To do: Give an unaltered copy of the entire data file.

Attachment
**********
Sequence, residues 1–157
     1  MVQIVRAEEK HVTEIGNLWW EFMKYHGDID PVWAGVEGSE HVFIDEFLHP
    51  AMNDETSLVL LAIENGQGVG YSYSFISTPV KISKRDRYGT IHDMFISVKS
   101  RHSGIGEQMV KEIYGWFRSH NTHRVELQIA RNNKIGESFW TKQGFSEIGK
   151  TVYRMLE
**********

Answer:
Sequence, residues 1–157
     1  MVQIVRAEEK HVTEIGNLWW EFMKYHGDID PVWAGVEGSE HVFIDEFLHP
    51  AMNDETSLVL LAIENGQGVG YSYSFISTPV KISKRDRYGT IHDMFISVKS
   101  RHSGIGEQMV KEIYGWFRSH NTHRVELQIA RNNKIGESFW TKQGFSEIGK
   151  TVYRMLE